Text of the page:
As Turkey is gradually emerging as a drone superpower, its key allies Russia and Pakistan have shown tremendous interest in its UAVs and anti-drone systems.
A southern Turkey-based firm, National War Technologies Defense Systems, has developed an early-warning air defense system named KALKA to counter the threat posed by unmanned aerial vehicles (UAV) and looks like Pakistan and Russia could be its first buyers.
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A report Turkish News Agency in Daily Sabah has claimed that the company is now set to export the anti-drone system to countries like Russia and Pakistan.
The vehicle-mounted anti-drone system has the ability to conduct frequency tracing. The system’s radars, which depend entirely on domestic software, can perceive and prevent a target from up to 5,000 meters.
Bekir Yalçın, research and development (R&D) coordinator of the firm, told reporters that it is also effective against herd drone attacks.
The firm, which has obtained the necessary permission for mass production of KALKA, has drawn global attention. Yalcin said: “So far, there are demands from Russia, Sri Lanka, Bangladesh, Malaysia, Qatar, Pakistan, Afghanistan, and the United Arab Emirates.”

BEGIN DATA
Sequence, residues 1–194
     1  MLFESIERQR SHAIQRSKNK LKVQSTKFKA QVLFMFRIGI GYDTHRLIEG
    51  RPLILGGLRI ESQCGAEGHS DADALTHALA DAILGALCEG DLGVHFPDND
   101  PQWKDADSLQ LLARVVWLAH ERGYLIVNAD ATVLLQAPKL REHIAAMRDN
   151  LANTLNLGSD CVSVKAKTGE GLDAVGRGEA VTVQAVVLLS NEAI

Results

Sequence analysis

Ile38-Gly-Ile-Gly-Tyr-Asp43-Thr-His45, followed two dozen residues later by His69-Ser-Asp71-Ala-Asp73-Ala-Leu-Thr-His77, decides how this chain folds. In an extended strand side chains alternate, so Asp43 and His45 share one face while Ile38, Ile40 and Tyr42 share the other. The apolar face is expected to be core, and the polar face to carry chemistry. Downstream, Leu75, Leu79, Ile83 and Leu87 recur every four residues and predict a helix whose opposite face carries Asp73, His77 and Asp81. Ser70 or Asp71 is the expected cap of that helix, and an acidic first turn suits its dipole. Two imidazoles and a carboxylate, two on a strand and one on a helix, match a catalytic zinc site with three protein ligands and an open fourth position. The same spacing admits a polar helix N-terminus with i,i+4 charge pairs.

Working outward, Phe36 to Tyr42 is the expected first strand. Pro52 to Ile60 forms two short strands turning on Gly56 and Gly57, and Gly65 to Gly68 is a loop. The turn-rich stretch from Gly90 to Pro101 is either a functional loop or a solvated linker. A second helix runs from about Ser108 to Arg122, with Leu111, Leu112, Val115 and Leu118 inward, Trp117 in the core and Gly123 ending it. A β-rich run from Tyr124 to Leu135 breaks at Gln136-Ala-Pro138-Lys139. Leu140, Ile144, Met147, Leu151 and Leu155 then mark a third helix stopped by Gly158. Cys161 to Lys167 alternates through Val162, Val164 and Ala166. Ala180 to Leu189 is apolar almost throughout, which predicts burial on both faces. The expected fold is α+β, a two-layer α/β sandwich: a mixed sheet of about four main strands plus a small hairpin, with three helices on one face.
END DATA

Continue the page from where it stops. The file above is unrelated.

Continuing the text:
The first exports of the system will be made to a private company in Russia. He has said that the deliveries to the Russian company will probably be made towards the end of the year. The Russian company will use KALKA to protect its facilities.
A delegation from Pakistan has also visited Antalya to see the functions of the air defense system, the report said. “The device is wanted for use in the security of concerts, rallies, transfers, and social events in Pakistan,” he said.
The company has so far developed nine anti-drone systems for Turkey’s security forces. They will be used to prevent useless cargo transport, flights conducted by terrorists, or activities such as carrying drugs, bombs, and prohibited substances.
The system is already being used by the Turkish Armed Forces to counter drone attacks.
While Turkey has seen an increased bonhomie with Pakistan in recent times, the Nagorno-Karabakh conflict had Ankara and Moscow on different sides. In spite of the fear of sanctions, Turkey President Recep Tayyip Erdogan had bought the Russian ‘S-400’ air-defense system in protest against the US move to not sell him the state-of-the-art ‘Patriot’ missiles.
While Russia and Turkey are not allies, as per Dmitri Trenin, the director of the Carnegie Moscow Center, President Vladimir Putin is keen on preserving a peaceful relationship with Turkey, a rising regional power.